Roth Plastic Technology develops design for medical device

09/07/2020

In close cooperation with TissueFlow, a customer in Essen, Germany, Roth Plastic Technology has developed the design of the surgical suction handle BoneFlo. The patented medical device is suitable for the treatment of bone defects following accidents and in cases of tumour diseases, infections or loose artificial joints. 

The suction handle with its removable filter made of synthetic bone substitute helps the bone to heal itself. During the surgery, the filter is moistened and activated using the patient's own regenerative tissue components. The surgeon can then use it to treat bone defects.

Objectives of the medical device design
In addition to the appearance, another major factor when developing the design of the BoneFlo was the feel of the device while avoiding uncomfortable shapes. The instrument must be simple to use and provide a secure, stable grip to support doctors as they need during everyday surgical operations. Thanks to an intense exchange of knowledge with TissueFlow, the product designers at Roth Plastic Technology in Dautphetal-Wolfgruben drafted the shape of the medical device up to the 3D printing process to produce the design sample. Sebastian Herrmann, manager at Roth Plastic Technology, emphasised: "The instrument should provide the greatest medical benefits and also be able to stand up to the demands of everyday clinical use and use with patients." Another factor of the development order was consultation about the material selection for manufacture using the efficient injection moulding process. The suction handle consists of five components made of polymethyl methacrylate (PMMA). Each element of the assembly had to be designed in accordance with the plastic and the tools. In addition to the injection behaviour, the deformation of the shape must be taken into account during this process. By carrying out simulations, Roth Plastic Technology was able to determine the flow properties of the PMMA during the injection moulding process in the steel tool. This method of calculation also reveals possible changes in the shape after the material cools, such as shrinkage, which would have an effect on the dimensions and usability of the product. Therefore, the filter used inside the suction handle can be made of either plastic or ceramic (bone substitute material). For this component change interface, it is very important for the housing to be designed and manufactured to fit the threaded part precisely.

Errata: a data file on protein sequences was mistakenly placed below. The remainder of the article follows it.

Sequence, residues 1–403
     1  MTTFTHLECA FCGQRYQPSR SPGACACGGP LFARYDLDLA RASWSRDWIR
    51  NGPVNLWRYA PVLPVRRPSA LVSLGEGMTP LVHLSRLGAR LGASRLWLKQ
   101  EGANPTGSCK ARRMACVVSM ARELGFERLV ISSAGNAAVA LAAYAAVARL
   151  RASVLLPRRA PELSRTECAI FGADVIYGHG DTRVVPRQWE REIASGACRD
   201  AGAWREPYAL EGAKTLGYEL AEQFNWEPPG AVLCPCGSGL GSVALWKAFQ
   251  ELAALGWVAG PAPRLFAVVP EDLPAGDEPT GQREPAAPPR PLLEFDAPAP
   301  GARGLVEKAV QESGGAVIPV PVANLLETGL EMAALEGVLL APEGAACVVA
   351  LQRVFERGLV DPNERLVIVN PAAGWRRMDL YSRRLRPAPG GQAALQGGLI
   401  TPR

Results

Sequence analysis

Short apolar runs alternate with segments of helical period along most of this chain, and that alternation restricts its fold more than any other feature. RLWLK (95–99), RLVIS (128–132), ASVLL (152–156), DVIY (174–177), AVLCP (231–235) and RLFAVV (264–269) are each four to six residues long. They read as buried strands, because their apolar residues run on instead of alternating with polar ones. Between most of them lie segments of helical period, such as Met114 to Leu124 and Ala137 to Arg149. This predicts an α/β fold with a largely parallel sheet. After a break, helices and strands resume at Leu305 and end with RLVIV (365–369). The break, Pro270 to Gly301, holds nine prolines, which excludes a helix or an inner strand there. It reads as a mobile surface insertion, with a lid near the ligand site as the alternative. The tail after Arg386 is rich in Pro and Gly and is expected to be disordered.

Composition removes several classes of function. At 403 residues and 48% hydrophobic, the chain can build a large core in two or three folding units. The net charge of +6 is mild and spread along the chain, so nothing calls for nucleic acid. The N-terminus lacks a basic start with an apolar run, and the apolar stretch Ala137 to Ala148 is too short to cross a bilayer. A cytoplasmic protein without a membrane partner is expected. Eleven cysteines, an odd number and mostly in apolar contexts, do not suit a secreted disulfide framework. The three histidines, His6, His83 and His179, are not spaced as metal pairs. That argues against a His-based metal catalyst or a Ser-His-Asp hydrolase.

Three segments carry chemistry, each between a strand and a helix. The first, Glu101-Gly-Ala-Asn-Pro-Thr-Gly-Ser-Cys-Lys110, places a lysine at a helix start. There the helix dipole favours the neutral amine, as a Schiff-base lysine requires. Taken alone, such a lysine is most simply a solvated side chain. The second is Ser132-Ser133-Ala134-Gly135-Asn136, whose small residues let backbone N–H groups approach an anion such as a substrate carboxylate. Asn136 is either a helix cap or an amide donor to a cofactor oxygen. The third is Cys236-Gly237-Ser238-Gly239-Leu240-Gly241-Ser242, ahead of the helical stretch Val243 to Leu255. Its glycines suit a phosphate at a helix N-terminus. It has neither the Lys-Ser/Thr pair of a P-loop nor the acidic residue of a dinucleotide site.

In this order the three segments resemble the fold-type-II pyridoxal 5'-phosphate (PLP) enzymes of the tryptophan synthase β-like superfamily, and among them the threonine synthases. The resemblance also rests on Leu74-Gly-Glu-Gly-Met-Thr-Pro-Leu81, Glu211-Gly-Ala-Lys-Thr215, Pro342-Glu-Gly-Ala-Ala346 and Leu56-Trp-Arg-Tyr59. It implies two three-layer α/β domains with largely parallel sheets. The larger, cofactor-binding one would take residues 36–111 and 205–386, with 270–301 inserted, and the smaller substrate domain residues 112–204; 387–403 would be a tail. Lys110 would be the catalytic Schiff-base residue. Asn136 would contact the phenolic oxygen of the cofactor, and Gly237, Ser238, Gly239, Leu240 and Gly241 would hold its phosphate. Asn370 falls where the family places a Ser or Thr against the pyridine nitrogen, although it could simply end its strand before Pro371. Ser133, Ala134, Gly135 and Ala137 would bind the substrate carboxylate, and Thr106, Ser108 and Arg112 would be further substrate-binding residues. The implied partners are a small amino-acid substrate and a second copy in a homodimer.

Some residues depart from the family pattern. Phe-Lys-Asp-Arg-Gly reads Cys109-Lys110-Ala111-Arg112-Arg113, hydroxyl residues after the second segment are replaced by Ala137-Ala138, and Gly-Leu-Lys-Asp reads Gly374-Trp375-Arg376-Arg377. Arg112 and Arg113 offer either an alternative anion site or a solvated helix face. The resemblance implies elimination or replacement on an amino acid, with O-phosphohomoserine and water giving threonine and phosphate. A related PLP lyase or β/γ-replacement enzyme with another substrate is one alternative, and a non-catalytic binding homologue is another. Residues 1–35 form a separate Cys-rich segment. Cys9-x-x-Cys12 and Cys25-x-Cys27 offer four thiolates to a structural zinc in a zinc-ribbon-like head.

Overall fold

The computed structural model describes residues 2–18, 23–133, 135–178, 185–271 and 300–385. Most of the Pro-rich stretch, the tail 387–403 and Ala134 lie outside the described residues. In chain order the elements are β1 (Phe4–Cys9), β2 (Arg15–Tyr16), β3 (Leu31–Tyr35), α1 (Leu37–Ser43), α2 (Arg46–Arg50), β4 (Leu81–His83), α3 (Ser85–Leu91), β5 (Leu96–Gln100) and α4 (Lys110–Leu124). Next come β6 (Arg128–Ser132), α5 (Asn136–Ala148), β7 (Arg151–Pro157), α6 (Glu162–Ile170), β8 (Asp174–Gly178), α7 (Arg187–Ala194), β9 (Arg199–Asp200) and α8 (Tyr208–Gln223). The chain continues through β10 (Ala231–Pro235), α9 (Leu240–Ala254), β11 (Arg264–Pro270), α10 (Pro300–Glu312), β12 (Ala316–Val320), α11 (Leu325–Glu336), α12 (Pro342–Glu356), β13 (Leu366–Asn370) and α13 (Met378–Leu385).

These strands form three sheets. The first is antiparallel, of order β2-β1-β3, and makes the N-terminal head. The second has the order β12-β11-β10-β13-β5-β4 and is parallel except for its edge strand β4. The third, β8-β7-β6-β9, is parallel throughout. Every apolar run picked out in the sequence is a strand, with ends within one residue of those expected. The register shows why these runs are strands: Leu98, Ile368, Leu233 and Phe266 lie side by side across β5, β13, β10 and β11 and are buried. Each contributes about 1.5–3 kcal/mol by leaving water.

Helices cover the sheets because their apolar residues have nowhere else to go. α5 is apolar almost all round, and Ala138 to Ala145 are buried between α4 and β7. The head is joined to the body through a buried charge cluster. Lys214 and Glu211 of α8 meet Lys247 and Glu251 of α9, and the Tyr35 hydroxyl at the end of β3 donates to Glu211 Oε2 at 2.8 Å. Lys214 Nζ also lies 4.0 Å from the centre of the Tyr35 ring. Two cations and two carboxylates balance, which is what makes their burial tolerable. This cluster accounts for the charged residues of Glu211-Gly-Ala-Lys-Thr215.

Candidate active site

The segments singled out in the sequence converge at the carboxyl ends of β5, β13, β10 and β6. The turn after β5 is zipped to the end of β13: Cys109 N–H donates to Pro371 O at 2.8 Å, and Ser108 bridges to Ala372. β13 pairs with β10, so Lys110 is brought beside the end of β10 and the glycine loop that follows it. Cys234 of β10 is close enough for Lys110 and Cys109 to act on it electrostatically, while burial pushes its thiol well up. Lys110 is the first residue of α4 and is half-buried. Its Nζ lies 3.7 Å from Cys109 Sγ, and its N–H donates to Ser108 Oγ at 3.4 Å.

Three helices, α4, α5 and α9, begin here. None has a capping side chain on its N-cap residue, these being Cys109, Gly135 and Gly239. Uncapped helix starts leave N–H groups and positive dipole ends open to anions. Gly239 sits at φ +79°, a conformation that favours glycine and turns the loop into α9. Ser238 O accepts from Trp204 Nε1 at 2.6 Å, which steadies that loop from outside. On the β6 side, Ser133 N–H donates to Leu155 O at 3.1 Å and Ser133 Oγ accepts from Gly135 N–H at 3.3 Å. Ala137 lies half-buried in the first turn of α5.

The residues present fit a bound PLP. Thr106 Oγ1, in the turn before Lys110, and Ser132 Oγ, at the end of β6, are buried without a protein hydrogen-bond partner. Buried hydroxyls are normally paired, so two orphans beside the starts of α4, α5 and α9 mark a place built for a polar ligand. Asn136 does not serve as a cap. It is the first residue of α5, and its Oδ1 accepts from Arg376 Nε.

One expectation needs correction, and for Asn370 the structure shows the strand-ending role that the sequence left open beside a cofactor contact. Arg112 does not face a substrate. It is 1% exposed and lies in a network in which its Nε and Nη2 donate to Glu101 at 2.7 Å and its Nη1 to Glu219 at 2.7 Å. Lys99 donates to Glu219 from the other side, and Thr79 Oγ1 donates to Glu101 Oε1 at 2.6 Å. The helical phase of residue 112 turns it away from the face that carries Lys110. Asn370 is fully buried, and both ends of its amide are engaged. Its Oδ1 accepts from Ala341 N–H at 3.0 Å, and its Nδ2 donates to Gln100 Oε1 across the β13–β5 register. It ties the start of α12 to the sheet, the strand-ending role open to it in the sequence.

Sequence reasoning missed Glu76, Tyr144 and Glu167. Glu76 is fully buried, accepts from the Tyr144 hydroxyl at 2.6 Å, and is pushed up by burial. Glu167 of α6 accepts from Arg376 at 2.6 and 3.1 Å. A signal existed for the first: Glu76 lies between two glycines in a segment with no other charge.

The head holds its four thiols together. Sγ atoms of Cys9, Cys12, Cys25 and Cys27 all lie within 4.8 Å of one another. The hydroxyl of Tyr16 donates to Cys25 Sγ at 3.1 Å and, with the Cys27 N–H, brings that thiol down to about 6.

"Development work with our partners is one of our strengths. We rely on the expertise of our specialist departments and our partner network in all areas that deal with plastics processing. With the BoneFlo for example, we have demonstrated that we are a competent partner for developing plastic products for many different industries, including the design, engineering, simulation and sample preparation for entire assemblies", explained Sebastian Herrmann.

From innovation to market approval
The development of the BoneFlo suction handle with integrated bone substitute is based on the scientific pre-work of a research team at the University of Duisburg-Essen. For the first time, they succeeded in verifying the great regeneration potential of the body's own cell-tissue mixture (such as small bone fragments, bone marrow components, fatty tissue, blood). This material is captured during operations on the bone and can be returned to the patient. The Essen University Hospital and the University of Duisburg-Essen were involved in the development.
The working group of the Professorship for Orthopaedics and Trauma Surgery in the Medical Department of the University of Duisburg-Essen includes Professor Dr Marcus Jäger, M.D. (mentor), Dr Marcel Haversath, M.D. (founder) and Dr André Busch, M.D. (spokesperson for the founder team).
The BoneFlo is a product created by TissueFlow, which was founded in 2019. The company's founders, headed by Professor Dr Marcus Jäger, M.D., want to shepherd the product to its market approval. Their medical device has received funding from the state of North Rhine-Westphalia and the European Union. The BoneFlo project saw success as one of eleven winners of the North Rhine-Westphalian "START-UP-Hochschul-Ausgründungen" competition, a company spin-off competition among universities of applied sciences. The programme supports potential company founders from universities of applied sciences in North Rhine-Westphalia on their way to entrepreneurial independence.
For more information, please visit websites of manufacturer and University Duisburg-Essen.
 

 

The development of the BoneFlo was subsidised by funding from the European Regional Development Fund (ERDF).